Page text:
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KIEV, March 10. /TASS/. Heavy weaponry remains with the Ukrainian forces stationed near the disengagement line, representative of Kiev’s military operation Andriy Lysenko said on Tuesday.
"Ukraine has fulfilled its obligations on the Minsk agreements," Lysenko said. "However, in order not to endanger the front line, servicemen kept heavy infantry weapons that can stop heavy equipment [of the militia]," he added. "If militiamen launch an offensive, the artillery will be returned to the front line," Lysenko noted. "Over the last 24 hours, there were no casualties [among Ukrainian forces], nine people were injured," he said.
The Ukrainian army is using anti-aircraft guns, mortars, including self-propelled of 120mm and 82 mm caliber, and anti-tank missile systems. On March 8, the representative of the military operation headquarters Anatoly Stelmakh said Ukraine withdrew from the disengagement line all heavy artillery, including MT-12 Rapira anti-tank guns, Akatsiya self-propelled howitzers, BM-21 Grad multiple rocket launchers and Uragan systems.
The self-proclaimed Donetsk People’s Republic (DPR) defense ministry spokesman Eduard Basurin said earlier that almost all military equipment withdrawn by Ukrainian forces is "located in 20-30 kilometers from the actual disengagement line and can return to initial positions in a couple of hours." Kiev "intentionally avoids announcing distances which were clearly outlined in the Minsk agreements from February 12 for heavy artillery withdrawal," Basurin said.
"We continue receiving worrisome news about Ukrainian forces’ build-up in the safety zone," the spokesman said. In particular, there are currently more than 200 armored vehicles, nine Uragan multiple rocket launcher systems and six artillery guns of 122mm and 152mm caliber near Artyomovsk.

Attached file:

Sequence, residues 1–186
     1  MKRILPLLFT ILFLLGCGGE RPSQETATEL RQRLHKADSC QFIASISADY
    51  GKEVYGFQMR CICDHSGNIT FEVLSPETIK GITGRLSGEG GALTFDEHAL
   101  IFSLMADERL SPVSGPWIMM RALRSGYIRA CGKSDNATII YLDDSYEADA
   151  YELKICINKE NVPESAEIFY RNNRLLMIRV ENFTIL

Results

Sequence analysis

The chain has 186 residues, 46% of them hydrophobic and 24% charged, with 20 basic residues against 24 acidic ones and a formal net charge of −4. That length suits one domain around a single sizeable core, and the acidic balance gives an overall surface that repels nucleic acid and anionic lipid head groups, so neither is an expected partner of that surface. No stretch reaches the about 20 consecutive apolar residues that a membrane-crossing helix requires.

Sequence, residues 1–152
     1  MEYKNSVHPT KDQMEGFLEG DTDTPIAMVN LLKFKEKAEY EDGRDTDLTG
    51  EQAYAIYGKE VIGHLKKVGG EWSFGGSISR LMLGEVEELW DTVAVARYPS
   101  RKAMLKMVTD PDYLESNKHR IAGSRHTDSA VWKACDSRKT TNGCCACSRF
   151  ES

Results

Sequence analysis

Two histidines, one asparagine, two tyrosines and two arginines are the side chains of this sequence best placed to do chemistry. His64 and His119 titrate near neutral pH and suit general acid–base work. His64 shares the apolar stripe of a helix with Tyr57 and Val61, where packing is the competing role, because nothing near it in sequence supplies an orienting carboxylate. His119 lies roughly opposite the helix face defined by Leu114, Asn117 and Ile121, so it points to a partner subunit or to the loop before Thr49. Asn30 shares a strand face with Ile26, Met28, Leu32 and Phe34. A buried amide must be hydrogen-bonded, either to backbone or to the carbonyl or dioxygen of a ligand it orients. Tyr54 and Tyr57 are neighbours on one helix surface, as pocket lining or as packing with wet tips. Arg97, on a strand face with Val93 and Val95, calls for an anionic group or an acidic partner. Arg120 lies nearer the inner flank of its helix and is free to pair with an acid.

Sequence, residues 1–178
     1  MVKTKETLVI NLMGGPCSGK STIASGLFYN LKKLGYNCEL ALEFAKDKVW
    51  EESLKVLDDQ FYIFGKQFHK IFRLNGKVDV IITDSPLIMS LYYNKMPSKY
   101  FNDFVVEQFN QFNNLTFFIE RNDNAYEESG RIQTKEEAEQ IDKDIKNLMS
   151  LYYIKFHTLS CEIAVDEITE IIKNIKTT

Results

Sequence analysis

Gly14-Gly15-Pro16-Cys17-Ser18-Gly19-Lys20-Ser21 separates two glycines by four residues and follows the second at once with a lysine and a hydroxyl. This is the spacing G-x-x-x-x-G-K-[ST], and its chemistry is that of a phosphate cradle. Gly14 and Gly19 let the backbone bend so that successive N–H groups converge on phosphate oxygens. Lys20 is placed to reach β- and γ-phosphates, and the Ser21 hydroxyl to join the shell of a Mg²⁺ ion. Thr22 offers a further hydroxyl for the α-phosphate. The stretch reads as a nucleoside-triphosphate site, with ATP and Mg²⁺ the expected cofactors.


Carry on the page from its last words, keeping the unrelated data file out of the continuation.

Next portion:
Basurin earlier said that the self-defense forces have completed heavy weaponry withdrawal, including 24 heavy mortars. Representatives of the self-proclaimed Lugansk People’s Republic (LPR) have also confirmed the completion of weaponry withdrawal from the disengagement line.
On February 12, negotiations in the "Normandy format" were held in the Belarusian capital Minsk, bringing together Russian President Vladimir Putin, French President Francois Hollande, German Chancellor Angela Merkel and Ukrainian President Petro Poroshenko. The talks lasted for around 14 hours.
Simultaneously, a meeting of the Contact Group on Ukrainian settlement was held in Minsk, bringing together former Ukrainian President Leonid Kuchma and Kiev’s special representative for humanitarian issues Viktor Medvedchuk, both representing the Ukrainian side, alongside representatives of the self-proclaimed Donetsk and Luhansk People’s Republics (DPR and LPR), Denis Pushilin and Vladislav Deinego, the Organization for Security and Cooperation in Europe’s (OSCE) special envoy to Ukraine, Heidi Tagliavini, and Russia’s ambassador to Ukraine, Mikhail Zurabov, who acts as a mediator.
As a result, a package of measures on implementing the Minsk agreements was adopted, including on ceasefire in certain areas of Donetsk and Luhansk regions starting from February 15, heavy weaponry withdrawal and long-term political settlement of the Ukrainian crisis.